GUIDE TO PRONUNCIATION
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KEY TO THE SYMBOLS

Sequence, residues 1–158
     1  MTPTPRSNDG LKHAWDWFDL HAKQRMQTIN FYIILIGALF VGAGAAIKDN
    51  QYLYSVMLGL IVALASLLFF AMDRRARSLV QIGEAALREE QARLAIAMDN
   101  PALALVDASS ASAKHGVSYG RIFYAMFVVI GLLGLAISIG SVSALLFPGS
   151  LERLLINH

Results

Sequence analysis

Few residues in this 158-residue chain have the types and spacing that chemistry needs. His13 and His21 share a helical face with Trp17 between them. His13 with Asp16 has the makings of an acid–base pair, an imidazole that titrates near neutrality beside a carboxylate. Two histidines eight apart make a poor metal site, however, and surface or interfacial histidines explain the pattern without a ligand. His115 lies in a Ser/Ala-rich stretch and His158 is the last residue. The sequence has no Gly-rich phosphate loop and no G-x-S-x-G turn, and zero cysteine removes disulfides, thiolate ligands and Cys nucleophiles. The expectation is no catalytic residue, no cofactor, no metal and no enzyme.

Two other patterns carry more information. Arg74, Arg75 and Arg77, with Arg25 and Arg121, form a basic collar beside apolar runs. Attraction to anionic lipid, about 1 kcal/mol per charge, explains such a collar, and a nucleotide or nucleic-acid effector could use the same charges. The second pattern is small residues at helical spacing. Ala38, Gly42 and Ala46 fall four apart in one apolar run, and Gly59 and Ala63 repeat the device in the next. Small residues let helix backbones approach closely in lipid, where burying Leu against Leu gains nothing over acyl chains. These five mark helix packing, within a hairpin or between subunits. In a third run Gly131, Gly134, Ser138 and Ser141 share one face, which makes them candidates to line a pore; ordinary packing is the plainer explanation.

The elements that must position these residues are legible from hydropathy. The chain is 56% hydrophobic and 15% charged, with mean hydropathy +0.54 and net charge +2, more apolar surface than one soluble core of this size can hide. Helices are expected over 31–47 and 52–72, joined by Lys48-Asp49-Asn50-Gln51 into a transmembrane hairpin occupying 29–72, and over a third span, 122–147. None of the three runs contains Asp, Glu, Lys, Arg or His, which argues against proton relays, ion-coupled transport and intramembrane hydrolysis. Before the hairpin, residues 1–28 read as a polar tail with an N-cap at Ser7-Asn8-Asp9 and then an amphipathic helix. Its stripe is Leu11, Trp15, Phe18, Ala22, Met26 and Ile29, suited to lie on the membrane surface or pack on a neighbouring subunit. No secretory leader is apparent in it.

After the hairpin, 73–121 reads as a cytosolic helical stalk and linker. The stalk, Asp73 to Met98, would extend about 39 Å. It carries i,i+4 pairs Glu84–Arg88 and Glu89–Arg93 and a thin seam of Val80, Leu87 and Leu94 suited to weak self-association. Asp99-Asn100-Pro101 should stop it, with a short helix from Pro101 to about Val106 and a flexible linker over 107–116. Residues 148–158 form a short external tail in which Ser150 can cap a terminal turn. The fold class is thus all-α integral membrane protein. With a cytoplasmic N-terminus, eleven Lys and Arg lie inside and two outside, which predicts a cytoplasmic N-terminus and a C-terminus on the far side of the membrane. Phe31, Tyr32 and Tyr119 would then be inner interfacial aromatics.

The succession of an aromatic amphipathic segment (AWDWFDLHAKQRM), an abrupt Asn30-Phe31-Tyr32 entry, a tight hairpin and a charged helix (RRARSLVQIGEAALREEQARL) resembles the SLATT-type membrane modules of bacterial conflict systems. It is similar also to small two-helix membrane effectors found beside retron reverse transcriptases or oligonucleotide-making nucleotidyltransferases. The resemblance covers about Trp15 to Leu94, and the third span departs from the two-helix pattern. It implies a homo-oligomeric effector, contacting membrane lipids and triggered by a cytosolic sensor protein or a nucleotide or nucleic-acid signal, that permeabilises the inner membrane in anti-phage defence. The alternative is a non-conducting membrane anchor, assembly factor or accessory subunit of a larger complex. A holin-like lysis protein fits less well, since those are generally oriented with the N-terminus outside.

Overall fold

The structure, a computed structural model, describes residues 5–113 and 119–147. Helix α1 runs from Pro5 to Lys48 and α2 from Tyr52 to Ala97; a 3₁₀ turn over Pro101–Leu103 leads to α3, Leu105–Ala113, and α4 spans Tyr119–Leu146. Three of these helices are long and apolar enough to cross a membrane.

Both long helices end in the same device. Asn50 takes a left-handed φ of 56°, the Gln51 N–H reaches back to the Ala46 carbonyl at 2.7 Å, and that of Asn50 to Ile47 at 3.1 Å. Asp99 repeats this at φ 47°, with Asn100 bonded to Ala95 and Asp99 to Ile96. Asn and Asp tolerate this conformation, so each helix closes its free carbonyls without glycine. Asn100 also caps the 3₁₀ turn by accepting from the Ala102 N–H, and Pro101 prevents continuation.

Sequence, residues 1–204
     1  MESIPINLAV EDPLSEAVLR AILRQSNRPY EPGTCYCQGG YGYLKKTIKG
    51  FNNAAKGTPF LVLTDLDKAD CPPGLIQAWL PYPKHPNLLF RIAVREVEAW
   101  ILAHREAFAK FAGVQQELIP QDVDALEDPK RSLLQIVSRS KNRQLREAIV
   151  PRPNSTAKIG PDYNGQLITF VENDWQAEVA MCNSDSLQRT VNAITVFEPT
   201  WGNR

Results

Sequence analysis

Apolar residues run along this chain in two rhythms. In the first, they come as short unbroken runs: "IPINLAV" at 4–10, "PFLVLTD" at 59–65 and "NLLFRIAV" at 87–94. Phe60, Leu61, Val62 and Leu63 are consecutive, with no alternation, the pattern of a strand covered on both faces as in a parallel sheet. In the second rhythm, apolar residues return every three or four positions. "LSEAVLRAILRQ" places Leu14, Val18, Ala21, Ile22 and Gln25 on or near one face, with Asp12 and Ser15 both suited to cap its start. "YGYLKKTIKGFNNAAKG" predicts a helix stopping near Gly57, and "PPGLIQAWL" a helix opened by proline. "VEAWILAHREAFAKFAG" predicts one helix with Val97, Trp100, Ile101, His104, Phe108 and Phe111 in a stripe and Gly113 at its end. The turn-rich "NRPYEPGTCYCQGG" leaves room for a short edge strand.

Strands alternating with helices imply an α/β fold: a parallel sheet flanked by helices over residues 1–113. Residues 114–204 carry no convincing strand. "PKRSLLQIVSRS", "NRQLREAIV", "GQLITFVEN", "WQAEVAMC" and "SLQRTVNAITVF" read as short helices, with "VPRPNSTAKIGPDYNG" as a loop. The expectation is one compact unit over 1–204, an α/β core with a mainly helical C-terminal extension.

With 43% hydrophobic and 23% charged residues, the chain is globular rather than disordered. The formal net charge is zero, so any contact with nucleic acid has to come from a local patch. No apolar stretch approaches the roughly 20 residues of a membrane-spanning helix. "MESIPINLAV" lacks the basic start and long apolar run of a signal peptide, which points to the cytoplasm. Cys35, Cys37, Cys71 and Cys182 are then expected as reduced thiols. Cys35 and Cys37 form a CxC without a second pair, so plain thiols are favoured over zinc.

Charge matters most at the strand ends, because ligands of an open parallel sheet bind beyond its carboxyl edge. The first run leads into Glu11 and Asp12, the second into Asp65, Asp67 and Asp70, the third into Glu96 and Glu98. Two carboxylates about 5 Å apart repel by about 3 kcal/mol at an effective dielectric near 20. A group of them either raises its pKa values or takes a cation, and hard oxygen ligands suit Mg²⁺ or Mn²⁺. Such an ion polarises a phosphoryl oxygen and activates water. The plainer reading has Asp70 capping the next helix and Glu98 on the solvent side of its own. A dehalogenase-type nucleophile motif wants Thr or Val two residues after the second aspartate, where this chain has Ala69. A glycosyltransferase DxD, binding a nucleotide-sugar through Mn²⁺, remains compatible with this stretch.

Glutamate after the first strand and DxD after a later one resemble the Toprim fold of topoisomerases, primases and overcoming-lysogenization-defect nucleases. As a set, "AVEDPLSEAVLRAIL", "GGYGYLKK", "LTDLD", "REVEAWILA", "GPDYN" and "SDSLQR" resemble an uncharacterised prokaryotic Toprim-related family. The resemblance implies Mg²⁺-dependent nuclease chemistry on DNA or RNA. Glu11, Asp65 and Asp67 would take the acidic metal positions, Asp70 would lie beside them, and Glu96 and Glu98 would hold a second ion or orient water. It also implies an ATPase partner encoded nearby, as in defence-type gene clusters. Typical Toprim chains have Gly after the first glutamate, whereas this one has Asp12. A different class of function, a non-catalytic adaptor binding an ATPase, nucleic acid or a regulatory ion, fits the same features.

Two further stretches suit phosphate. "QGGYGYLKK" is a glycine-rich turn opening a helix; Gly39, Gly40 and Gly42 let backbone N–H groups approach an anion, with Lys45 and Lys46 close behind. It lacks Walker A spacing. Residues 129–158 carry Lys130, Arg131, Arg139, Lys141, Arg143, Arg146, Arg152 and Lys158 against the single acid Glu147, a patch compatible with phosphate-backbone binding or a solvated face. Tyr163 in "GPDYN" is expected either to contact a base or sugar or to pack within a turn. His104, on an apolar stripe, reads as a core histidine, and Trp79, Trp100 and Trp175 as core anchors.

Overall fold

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The pronunciation is indicated by the simple system of respelling which is used in Webster's International Dictionary. It employs the diacritically marked letters familiar in the schoolbooks of the country. "The defects of the English orthography are well known, but, under the circumstances, we have no choice but to follow it, making up for its deficiencies by the necessary explanations. In the phonetics of the language one point is specially interesting, both as illustrating the usual result of the fusion of two or more languages, and as showing one of the laws which must govern the formation of any international speech. As the Jargon is to be spoken by Englishmen and Frenchmen, and by Indians of at least a dozen tribes, so as to be alike easy and intelligible to all, it must admit no sound which cannot be readily pronounced by all. The numerous harsh Indian gutturals either disappear entirely, or are softened to h and k. On the other hand, the d, f, g, r. v, z, of the English and French become in the mouth of a Chinook t, p, k, l, w, and s. The English j (dzh) is changed to ch (tsh); the French nasal n is dropped, or is retained without its nasal sound."—Hale. Authority used, Eells.

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